In the world of education, teachers are always on the lookout for new techniques and strategies that can make their jobs easier. Many teachers will tell you that they're constantly learning from colleagues, administrators, and even students. But what about new teachers? How can established educators support those just starting out in education? Here are a few ideas for how to help build up your newest colleagues:
Be ready to mentor.
Mentoring is a valuable way to support new teachers. Mentors can help new teachers by being available to answer questions, helping them set goals and reflect on their practice, and modelling good instructional leadership through their own actions.
For example: You could meet with your mentee once a month to discuss how they are implementing the skills that they’ve learned through coaching or training. You might also be able to lend an ear when things aren’t going well—and offer practical advice on how they could improve in the future—or simply listen as they voice their frustrations (or successes) with teaching.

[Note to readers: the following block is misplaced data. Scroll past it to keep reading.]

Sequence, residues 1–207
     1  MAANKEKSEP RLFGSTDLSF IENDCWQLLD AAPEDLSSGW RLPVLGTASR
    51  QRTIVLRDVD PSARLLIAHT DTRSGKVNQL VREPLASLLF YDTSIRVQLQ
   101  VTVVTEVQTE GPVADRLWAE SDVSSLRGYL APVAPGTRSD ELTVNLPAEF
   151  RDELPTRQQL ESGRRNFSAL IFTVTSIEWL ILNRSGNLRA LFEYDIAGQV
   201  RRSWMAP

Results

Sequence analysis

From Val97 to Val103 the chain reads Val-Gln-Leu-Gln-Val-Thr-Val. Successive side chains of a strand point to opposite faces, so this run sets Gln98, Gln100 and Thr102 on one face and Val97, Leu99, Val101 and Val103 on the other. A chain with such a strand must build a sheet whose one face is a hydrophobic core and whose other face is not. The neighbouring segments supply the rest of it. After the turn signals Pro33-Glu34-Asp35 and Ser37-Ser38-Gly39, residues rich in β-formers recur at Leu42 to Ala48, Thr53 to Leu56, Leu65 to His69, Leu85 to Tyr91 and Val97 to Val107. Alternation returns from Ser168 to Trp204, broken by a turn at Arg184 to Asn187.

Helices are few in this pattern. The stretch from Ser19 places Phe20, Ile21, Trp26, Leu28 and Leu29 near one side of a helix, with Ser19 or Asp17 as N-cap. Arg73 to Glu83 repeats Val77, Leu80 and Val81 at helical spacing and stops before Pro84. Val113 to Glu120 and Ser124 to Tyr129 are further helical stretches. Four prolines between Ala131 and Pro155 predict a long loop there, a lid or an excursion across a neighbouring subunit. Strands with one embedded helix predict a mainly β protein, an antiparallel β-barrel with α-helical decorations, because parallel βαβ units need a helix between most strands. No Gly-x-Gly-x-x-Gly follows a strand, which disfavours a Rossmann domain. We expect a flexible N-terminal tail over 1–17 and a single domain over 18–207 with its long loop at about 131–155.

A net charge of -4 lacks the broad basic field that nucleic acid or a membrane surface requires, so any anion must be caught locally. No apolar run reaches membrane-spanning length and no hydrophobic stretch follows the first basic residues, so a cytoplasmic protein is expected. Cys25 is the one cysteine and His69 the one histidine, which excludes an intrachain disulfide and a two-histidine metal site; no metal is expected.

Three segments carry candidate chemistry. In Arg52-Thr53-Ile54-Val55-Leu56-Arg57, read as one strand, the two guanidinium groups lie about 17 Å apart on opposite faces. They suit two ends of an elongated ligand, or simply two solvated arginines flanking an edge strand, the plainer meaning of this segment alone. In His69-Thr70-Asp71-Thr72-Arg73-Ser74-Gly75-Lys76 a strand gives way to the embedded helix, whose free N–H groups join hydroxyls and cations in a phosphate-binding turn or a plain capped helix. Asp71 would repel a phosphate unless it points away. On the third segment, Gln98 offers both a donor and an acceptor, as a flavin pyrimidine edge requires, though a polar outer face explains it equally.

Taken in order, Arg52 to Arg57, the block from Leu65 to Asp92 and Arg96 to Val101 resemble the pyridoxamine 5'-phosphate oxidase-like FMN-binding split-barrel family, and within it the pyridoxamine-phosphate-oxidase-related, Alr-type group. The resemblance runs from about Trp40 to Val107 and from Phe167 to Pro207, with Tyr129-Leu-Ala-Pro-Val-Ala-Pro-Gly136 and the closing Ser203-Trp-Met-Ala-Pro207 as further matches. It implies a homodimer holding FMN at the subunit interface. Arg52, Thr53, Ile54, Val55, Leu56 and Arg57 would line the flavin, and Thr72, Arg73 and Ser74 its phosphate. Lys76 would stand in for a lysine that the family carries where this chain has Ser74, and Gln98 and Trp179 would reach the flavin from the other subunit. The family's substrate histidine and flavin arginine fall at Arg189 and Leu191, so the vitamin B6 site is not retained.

Watch and learn.
● Watch and learn. Observe the teacher in action, especially before you meet them. Watch how they interact with their students and the other staff members in their school or school district. Be aware of the differences between your own teaching style, philosophy, and personality traits when it comes to working with students.
● Observe the teacher in a classroom setting by attending classes and asking questions about what they are doing that is successful or not so successful for example: “I noticed that you have introduced a new concept today; can I see an example?” or “What was that strategy you used for student participation?” You want to make sure that if there is disagreement on any point, it does not become personal--this will only lead to frustration on both sides!
● Observe the teacher in professional development settings as well as meetings involving colleagues where possible (and feasible). This will give tremendous insight into how well this person works within their environment--both personally and professionally!